A new SDN (software-defined networking) controller that was built by Nokia was recently integrated into BIC’s network, which allowed the company, an international communications platform firm, to improve its network. The new intelligence module would be able to automate the appropriate routing of traffic on the network. It would not only improve overall performance for customers but also lay the framework for 5G network slicing.
Throughout the whole worldwide network, capacity and flow routing will be managed with the help of the new SDN controller. The controller is responsible for monitoring all of the network’s routing pathways and making choices that will constantly adjust and improve the flow of traffic. The software-defined network (SDN) has been modified to provide a custom model for use scenarios that are unique to the requirements of BICS.
This action would, in the near term, considerably enhance BICS’s network. But, it will also pave the path for future 5G use cases such as bandwidth calendaring and network slicing. These use cases will result in a more intelligent utilization of bandwidth across 5G networks, which will unleash new choices for organizations to fulfill their expanding connection needs. This improved network distribution will work both on an application level, such as a network slice for public safety applications, or it can be scheduled at predefined times, such as ‘calendaring’ bandwidth every month for a cloud data backup. Alternatively, this improved network distribution will work both on an application level and on an application level simultaneously.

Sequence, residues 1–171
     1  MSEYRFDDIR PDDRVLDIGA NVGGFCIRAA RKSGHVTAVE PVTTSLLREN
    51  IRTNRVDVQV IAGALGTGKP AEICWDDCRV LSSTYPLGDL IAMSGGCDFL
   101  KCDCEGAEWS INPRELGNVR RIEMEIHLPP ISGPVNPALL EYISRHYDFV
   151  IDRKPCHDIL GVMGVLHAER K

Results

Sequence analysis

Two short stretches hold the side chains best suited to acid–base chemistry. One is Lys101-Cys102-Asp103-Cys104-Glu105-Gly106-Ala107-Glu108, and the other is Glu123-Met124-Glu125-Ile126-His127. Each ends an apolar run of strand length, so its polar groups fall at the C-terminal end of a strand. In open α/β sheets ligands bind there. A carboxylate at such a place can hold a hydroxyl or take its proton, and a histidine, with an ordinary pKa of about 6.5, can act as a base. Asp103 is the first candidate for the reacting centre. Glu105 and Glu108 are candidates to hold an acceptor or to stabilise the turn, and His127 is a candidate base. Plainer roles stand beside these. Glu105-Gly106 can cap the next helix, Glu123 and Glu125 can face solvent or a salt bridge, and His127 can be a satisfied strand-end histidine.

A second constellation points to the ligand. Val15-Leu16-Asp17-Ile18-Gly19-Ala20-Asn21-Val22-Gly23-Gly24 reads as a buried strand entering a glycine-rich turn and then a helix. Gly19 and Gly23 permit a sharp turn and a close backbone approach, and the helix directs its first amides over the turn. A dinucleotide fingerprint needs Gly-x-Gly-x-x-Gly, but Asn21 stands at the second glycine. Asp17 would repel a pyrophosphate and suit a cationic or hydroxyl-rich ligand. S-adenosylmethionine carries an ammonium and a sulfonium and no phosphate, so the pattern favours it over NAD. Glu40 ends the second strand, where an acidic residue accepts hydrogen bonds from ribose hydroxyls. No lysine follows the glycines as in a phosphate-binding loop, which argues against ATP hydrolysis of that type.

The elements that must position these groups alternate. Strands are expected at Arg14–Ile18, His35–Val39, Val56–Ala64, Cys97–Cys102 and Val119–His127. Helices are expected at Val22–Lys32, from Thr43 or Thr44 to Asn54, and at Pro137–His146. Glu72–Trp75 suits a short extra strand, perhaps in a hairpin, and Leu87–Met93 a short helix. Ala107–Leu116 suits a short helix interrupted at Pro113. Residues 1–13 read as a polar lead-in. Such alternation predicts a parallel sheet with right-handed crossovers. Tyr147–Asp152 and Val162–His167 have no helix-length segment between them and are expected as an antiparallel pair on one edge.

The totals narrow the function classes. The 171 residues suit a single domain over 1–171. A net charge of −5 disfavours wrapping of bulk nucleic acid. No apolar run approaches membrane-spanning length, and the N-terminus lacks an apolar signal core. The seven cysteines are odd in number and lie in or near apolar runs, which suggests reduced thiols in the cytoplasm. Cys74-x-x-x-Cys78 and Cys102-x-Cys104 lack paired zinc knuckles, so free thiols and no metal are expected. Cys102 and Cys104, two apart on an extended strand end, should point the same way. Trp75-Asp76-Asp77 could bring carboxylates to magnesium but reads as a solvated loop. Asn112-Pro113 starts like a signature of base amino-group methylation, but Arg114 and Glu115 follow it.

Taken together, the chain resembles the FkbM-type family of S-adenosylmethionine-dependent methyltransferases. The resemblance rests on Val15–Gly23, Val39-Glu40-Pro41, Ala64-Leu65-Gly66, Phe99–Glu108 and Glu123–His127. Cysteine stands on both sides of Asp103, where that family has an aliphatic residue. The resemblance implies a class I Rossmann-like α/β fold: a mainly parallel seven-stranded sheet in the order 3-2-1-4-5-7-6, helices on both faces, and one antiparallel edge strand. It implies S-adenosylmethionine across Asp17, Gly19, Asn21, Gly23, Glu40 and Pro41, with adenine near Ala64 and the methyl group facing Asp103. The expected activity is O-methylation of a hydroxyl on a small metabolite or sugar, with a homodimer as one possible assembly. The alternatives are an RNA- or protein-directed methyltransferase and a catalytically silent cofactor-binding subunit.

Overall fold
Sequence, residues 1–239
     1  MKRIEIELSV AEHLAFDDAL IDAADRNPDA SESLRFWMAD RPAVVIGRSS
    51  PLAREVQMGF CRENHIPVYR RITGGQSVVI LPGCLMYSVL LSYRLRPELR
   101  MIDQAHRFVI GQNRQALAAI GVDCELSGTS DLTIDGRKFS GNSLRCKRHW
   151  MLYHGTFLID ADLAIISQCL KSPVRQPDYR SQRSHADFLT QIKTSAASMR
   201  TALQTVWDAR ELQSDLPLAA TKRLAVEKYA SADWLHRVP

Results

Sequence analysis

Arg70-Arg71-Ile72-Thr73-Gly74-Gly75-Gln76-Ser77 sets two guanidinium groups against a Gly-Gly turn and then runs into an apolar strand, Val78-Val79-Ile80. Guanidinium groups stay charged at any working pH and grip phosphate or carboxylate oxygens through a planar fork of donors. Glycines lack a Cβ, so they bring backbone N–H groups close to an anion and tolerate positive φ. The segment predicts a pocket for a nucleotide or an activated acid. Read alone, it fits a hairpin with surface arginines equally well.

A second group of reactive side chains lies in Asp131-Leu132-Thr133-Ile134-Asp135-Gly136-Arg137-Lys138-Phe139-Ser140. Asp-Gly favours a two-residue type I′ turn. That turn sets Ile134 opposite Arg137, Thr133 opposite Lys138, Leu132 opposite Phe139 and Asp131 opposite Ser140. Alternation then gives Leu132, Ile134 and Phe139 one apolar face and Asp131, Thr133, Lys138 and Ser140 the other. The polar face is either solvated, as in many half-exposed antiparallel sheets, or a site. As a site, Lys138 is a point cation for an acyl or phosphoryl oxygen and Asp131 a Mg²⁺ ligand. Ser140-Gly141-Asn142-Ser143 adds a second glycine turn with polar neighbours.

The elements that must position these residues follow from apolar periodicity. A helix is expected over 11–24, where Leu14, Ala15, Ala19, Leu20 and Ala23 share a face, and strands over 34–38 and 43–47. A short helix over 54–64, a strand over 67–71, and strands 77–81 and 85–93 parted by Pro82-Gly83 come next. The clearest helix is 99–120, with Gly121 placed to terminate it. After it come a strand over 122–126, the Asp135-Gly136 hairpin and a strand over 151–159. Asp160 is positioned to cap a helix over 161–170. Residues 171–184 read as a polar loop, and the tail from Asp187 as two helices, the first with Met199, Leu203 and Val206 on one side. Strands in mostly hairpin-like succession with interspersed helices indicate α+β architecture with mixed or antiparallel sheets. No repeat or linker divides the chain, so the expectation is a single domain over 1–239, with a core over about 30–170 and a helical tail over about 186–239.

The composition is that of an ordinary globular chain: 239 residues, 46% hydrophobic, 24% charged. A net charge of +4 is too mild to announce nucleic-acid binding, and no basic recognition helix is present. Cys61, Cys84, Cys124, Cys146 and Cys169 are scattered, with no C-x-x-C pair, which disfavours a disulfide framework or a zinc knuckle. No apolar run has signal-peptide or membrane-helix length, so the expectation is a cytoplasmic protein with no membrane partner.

“BICS is investing heavily in its software solutions ecosystem, and this new module is just the latest development in this effort,” said Jorn Vercamert, Vice President Products and Solutions at BICS. “Greater network intelligence is worth investing in – it means even better service for our customers, and by extension, the end-customers of those operators. BICS’ network carries around half of the world’s roaming traffic, so this move re-affirms our strength in the global communications landscape and is also a future investment for when the industry fully moves to 5G and looks to deploy network slicing at scale.”
Next-Generation 5G Services
As 5G network slicing is used at scale throughout the industry, the SDN controller will become an essential component for BICS in order to handle both local and roaming traffic slices. This would especially be noteworthy since the present use cases for 5G slicing are only for local traffic. This means that it opens the door for potential use cases in the future that allow global connection. In the future, the success of this next level of innovation would be contingent on operators’ adoption of 5G and slicing at scale.
Because of this new advancement, BICS’s network would be in a better position to support applications that need low latency and crucial response times, which is the more immediate consequence of this change. The controller is responsible for monitoring all of the network’s routing pathways and making choices that will constantly adjust and improve the flow of traffic. Lower latency and increased network reliability in the event of outages would be beneficial for some use cases, such as the streaming of live video for use in safety applications, for instance at an industrial site. This will be accomplished via the use of intelligent low-latency routing, which indicates that the SDN will determine the routes that are the most efficient for each kind of traffic and will automate switches to ensure continuous connection.
“SDN control provided by Nokia NSP will be a key component that will enable customers of BICS to deliver next-generation 5G services,” said Rafael de Fermin, Vice President of the Network Infrastructure business in Europe at Nokia. “The delivery of network slicing will allow enterprises looking to adapt 5G for advanced use cases, such as IoT or M2M, to get the consistent quality of service that has been promised by 5G for some time. It’s another piece of the 5G puzzle falling into place and taking the industry one step closer to global 5G adoption.”